Sunday, 24 March 2019


Salam my lovelies,

We have been busy!

Transitioning is an active, fluid phase and we as a family is experiencing this process. So far, alhamdulillah, we are taking it in bite size daily although there are certain days when it can all feel overwhelming with heat/exhaustion/traffic. Good self-care skills for each and every one of us are vital!

Girl is doing double academic work, both from The Big School and The New School. There are obvious continuity and convenience despite being in two schools, as both are using British Curriculum. There are some differences in materials for Mathematics, French and Malay. We encourage her to embrace and appreciate the learning curve with our home tutoring support. We do as much as she can cope using whatever pockets of time we can carve out. So far, we have had not pushed ourselves that much so as not to burn her out.

Perhaps, the reason of my chillax mode is exhaustion. We have all been fully utilising all our available time and resources to put the new home ready in time for the relocation to be close to The New School. The Other Half supervises the work that is on-going at the new abode, while I do the paperwork (budget and finalizing quotations), research (so much to admire on Instagram and finding an affordable/available option) and purchases (driving, negotiating, loading, and sometimes pick-up of smaller items). Tick tock, the relocation date is looming close.

Girl had to follow me on some occasions after school. She loves interior design and has ambitions to be one since two years ago so she is truly enjoying this valuable process. Whilst she has her dreams up with the stars and clouds, her feet are firmly rooted (especially when it comes to choosing the most practical/affordable/child-safe materials be it curtains or kitchen backsplash). Bless her!

Bean has weekdays ABA therapy at home from 2:30 p.m. to 5:15 p.m. so I have been taking him home 3 days a week from The Big School by 1 p.m. That also means I have limited shopping time between 10 a.m. to noon. He gets into the bath tub to clean up and cool down as soon as we arrive home. He works best by timer so after 20 minutes of soak, he gets his change of clothes then eat a snack (fruits, usually) before his therapist arrives. So far, he has not missed any sessions as the team from EAP is reliable. There is always someone from the rotation pool. He has grown really fond of his Senior Supervisor, Supervisor and one of his three therapists.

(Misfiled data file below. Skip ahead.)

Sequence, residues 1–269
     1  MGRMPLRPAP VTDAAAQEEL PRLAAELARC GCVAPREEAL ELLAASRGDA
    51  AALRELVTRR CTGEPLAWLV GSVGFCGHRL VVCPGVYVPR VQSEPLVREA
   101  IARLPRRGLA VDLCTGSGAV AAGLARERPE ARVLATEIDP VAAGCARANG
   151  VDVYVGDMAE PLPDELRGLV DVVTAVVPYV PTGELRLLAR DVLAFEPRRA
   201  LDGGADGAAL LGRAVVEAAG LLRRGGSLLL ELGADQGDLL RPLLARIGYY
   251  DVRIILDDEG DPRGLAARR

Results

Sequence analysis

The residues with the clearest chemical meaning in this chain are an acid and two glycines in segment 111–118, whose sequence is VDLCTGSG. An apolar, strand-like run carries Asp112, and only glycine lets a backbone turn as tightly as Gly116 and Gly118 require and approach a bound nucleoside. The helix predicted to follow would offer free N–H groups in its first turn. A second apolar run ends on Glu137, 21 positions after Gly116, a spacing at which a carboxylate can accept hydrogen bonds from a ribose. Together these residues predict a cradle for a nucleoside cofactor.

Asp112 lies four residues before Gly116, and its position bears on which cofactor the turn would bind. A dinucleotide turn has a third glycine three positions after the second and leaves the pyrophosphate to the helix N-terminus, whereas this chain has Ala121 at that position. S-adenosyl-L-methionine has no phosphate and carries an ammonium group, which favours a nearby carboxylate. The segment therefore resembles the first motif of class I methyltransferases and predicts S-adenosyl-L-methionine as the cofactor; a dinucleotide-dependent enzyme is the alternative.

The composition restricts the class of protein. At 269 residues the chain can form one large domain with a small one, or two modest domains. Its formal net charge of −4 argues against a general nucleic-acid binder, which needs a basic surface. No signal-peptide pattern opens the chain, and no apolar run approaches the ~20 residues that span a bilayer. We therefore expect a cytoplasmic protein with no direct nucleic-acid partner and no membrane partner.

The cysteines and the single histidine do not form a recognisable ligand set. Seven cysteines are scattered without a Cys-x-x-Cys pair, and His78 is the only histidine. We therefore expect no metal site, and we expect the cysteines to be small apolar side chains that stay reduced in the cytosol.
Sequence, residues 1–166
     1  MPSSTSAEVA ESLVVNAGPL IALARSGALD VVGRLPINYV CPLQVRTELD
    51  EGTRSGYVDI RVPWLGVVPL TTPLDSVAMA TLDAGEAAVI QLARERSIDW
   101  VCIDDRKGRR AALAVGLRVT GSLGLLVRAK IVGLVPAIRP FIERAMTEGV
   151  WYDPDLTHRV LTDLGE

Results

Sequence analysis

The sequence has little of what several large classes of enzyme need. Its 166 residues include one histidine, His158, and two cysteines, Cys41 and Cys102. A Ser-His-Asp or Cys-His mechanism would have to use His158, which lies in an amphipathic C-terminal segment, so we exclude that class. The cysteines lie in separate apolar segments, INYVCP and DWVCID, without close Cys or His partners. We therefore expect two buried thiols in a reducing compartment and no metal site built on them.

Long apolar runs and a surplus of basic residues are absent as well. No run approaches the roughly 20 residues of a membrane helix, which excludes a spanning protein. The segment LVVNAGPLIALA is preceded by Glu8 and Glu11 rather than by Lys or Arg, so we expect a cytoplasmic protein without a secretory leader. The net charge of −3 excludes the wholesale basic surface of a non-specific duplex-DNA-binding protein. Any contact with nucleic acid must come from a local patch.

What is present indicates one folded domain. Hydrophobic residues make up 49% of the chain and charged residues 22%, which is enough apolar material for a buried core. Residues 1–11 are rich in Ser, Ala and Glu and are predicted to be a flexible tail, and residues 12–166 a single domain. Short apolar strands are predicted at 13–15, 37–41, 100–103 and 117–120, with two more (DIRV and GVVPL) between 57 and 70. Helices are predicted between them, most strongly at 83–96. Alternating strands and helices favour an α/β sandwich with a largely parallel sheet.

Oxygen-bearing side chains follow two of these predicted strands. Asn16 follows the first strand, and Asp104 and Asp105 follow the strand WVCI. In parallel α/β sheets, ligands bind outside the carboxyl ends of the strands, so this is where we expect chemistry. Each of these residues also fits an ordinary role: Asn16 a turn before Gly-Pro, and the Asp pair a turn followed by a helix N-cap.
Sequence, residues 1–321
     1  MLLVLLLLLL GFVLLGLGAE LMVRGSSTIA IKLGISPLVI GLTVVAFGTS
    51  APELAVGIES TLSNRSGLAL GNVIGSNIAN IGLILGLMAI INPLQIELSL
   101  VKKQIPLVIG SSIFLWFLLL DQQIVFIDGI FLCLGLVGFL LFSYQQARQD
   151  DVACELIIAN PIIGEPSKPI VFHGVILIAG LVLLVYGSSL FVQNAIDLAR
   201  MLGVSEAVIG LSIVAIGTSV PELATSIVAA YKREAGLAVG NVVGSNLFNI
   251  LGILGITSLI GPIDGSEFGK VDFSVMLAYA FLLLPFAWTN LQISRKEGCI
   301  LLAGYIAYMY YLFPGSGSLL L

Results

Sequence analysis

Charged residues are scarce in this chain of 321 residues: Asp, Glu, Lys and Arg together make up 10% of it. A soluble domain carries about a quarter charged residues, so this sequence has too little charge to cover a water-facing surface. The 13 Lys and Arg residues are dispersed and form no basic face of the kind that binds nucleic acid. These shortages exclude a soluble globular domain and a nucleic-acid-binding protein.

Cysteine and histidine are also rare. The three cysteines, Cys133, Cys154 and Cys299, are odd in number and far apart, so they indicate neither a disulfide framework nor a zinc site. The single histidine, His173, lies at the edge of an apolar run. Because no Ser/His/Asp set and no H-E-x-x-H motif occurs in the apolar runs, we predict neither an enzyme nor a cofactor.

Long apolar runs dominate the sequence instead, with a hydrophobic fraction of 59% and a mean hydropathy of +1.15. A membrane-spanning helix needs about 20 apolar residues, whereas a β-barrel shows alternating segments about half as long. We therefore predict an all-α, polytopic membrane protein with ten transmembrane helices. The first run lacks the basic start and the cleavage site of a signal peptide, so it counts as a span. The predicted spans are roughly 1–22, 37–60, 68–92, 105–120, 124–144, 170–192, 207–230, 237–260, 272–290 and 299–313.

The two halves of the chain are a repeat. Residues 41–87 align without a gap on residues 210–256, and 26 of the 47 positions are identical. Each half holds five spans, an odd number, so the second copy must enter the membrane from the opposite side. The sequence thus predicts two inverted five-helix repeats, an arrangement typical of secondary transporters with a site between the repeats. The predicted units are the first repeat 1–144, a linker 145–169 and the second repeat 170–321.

There is still some task avoidance and communication challenges but overall, we have experienced marked improvements in his quality of verbal output, eye contact, co-operation and attendance (lessons at reading class, The Big School and therapy). It is nice to be able to eat meals without the device on all the time. His meal norm is now actually engaging with members of the family (especially Sunday lunches with The Grandparents) and friends (during meals at The Big School). Reviews are fortnightly so we are constantly on the feedback-action plan-execute cycles. Alhamdulillah for this early intervention.

His EAP Team has visited and met with his teacher at The New School. There will be another visit in April before the start of Term 3 for his Personal Learning Assistants/Shadow Aides to familiarise themselves with time-table, locations of lessons and activities etc. Social stories will be prepared so as to set his expectations/predictability and reduce stress for everyone.

Girl is turning 9. I pray she gets the best in this life and the next. There are some symptoms of hormonal changes leading to emotional outbursts occasionally so we make it a point to exhibit our love and support as well as open communication. Mother: Daughter 1:1 dates are crucial, as are her Father: Daughter 1:1 school pick-up. She is a supportive sibling so we do not ever want her to feel like she is getting any less love or attention just because Bean seems to get more by virtue of the additional attention from his therapists. It is a delicate balance so wish us luck!

Till the next update, please take good care.